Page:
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Inside Nature's Giants: Moby

Dick & Joy, sitting in a tree...


K.I.S.S.I.N.G
If enthusiasm is infectious, let's hope we all get whale
blubber in our mouths.
It's two a.m. in Kent's Pegwell Bay; "this
woman never sleeps" says Mark Evans - a
small wonder when Professor Joy
Reidenberg spends her evenings hacking
up putrifying road- (or water-) kill in her role
as Channel 4's 'go-to' gal for large
mammals.

A sperm whale has died half a mile out


from the shore and it’s a tragedy. Yet these
scientists do their best to get the most
knowledge from this mysterious toothed
whale. My head was full of information
about v-shaped rib-hinges, spermy wax
and sonar echolocation by the end of this shockingly educational documentary.
These whales are 20 metres long and 60 tons in weight, necessitating the use of heavy machinery
and chainsaws to saw at and flay the unfortunate sushi. Pitted with cookie-cutter scars from vicious
squid, we witnessed Moby Dick's.. well... dick, his hinged ribs that allow for the pressures of
atmosphere in deep-sea diving and the rarest and possibly most sacrilegious act ever seen:
Richard Dawkins reading from the bible. Yet you can clearly see his reason for appearing: this
programme proves that evolution is truly beautiful.

Mark and aptly named Joy


spent around 20 hours
dissecting this scarred and
wrinkled leviathan and
those who watched were
delighted and disgusted in
equal measure. This was
not a time to eat or even
order your dinner, as Mark
talked about how
'tantalising' the opportunity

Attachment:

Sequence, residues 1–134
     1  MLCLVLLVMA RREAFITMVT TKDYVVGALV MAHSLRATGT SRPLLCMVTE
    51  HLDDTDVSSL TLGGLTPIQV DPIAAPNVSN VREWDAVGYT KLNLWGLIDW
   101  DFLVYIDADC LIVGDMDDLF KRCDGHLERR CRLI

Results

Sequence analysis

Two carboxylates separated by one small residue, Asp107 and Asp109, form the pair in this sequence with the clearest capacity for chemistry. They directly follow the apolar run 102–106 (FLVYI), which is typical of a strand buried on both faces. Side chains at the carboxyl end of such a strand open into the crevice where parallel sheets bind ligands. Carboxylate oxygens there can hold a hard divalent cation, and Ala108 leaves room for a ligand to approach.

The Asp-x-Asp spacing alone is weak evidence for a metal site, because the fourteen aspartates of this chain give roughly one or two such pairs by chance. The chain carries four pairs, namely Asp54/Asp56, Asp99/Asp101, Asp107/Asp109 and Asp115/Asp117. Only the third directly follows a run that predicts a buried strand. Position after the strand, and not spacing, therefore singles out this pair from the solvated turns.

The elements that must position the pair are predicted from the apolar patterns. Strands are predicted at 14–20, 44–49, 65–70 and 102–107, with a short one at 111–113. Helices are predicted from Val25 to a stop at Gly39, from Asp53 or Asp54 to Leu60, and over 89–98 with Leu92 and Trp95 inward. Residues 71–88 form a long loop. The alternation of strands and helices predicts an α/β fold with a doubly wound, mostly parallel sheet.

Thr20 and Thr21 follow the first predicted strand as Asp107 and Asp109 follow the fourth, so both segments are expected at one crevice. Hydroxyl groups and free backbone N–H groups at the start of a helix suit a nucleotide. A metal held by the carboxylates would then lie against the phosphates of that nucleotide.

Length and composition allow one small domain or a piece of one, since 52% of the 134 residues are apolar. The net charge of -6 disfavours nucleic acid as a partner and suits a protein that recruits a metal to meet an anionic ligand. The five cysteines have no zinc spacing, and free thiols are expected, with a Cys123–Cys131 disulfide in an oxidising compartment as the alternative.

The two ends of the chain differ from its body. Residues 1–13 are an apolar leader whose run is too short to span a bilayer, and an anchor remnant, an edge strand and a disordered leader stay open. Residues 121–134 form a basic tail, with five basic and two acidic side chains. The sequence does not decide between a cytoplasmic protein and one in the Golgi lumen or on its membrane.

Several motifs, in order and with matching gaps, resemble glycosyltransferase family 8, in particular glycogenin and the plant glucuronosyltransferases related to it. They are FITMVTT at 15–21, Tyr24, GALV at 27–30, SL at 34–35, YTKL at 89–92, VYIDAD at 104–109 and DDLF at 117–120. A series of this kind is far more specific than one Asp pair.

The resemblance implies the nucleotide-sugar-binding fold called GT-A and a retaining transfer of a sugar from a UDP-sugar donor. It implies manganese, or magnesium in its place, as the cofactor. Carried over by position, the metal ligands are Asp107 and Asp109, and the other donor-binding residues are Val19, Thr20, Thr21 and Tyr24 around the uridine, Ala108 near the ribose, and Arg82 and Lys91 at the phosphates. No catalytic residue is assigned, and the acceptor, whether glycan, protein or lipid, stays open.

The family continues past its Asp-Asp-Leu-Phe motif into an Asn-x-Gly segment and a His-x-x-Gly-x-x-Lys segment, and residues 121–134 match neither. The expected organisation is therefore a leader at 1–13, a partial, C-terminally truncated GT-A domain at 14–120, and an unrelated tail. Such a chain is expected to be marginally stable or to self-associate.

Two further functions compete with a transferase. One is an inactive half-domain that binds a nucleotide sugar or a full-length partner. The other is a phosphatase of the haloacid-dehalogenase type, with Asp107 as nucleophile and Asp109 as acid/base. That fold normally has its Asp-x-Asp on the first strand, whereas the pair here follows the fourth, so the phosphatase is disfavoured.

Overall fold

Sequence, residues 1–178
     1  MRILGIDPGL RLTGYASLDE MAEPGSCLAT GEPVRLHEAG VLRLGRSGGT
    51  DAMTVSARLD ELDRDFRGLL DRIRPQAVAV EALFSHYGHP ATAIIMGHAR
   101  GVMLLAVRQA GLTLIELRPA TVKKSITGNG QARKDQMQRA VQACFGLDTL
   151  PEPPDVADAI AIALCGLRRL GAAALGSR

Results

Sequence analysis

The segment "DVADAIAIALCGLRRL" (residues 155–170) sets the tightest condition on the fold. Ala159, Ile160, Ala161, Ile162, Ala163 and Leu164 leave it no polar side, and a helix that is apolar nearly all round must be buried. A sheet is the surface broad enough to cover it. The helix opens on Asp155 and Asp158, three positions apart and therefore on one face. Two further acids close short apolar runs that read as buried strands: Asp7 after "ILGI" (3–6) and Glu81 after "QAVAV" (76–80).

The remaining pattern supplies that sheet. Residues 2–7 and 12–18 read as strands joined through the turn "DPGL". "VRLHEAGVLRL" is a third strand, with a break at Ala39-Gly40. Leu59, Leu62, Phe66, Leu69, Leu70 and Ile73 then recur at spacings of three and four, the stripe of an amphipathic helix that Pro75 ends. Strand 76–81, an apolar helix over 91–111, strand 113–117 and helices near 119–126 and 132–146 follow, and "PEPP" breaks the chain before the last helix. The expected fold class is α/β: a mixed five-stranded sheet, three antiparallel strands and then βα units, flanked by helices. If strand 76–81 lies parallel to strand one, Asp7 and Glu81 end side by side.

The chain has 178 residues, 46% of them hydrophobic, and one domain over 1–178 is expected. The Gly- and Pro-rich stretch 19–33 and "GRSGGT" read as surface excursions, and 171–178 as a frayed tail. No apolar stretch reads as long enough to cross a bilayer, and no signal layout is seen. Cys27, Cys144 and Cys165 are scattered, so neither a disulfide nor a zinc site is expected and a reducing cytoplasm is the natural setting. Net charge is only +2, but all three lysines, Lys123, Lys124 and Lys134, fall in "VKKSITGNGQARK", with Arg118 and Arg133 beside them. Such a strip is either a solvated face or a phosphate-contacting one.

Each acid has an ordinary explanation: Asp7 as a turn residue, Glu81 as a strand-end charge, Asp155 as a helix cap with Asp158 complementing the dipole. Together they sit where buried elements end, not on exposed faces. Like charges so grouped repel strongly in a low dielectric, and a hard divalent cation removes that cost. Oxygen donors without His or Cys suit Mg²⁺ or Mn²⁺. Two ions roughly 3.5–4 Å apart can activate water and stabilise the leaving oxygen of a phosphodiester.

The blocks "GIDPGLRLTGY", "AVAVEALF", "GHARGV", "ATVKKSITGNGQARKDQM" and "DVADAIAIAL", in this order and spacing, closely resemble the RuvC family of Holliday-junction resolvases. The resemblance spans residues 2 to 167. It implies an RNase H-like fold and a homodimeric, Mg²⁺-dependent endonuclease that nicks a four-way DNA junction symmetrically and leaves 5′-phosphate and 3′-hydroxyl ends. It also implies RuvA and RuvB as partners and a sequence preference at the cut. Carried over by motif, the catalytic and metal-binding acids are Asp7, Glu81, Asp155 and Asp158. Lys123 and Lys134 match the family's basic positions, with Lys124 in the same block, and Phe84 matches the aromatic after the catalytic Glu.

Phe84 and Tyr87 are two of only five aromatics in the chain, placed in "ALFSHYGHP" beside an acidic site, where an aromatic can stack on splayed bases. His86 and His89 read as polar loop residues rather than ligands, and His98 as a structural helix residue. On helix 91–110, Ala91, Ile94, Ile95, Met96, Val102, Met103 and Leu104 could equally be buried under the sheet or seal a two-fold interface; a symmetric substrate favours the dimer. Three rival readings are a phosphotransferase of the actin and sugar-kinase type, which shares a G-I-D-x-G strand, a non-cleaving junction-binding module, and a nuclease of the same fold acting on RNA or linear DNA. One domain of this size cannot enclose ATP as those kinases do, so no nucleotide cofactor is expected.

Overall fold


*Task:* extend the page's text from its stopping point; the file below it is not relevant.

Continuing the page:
to see its heart was. The
blubber itself was around a
foot deep and, with an
almighty thud the first chunk
was off, spluttering into the
monster's blood like a
whale-crouton into tomato soup. Joy was straight in, looking at its rectus abdominus and talking of
how fresh and what great shape the animal was in. But its shape was now mightily altered and it
exploded into her face; "someone get a wipe. I know enough to keep my mouth shut". Understated,
ebullient and excited, Joy was as sharp as the blades she jammed into its quivering hide when
talking to the camera.

We also spent time with the ultimate freedivers who can slow their heart beats down to 35 beats a
minute: a paltry effort when compared to the whales' one or two. When forcing air deeper into their
lungs, they can spend around three minutes underwater, being periodically checked to see if
they've suffocated to death. Whales go around a kilometre deep, with pressures of up to 100
atmospheres. What wasn't fully explained at this point was why whales don't get the bends; but this
was hinted at when Marine Biologist Malcolm Clark, a fan of whales since he was 24, got a hunk of
dark, myoglobin- and oxygen-enriched whale meat out of his freezer and offered to cook up a feast
for the intrepid presenter.

The most incredible and interesting part of this programme was not the joy of Joy's excitement
over the whale's large, prehensile member, or Mark's quip, "Joy, I know you love the penis", but the
etymology of the sperm whale's name. The whale's head is full of spermaceti: a thick, rich waxy
and oily substance, much prized by pre- and post-war hunters. Named for its resemblance to
semen, it helps the animal descend to the dark depths of the ocean, using its body to heat and cool
the spermaceti which acts as a depth regulator, weighting or buoying it as necessary. This
substance was instrumental in the industrialisation of our country, providing lubricant for machinery
and lighting as a lamp oil, important for its smokeless flame. Remember that next time you call
someone a whale: it's a compliment.

Back to Joy. She's now ripping connective tissue off the whale's muscle as casually as you or I
would rip stickers off a new DVD box and she's loving it. She explains how the tendons tightly
close the whale's large nostril; "we can't close our nostrils" she says, prompting my entire family to
snort in unison in a feeble attempt to prove her wrong.

Having shown us every inch of this whale, the tide comes in and out again and the whale is ready
to be consigned to its watery grave once again. "Despite all this, what a privilege", says Mark. I
couldn't agree more.

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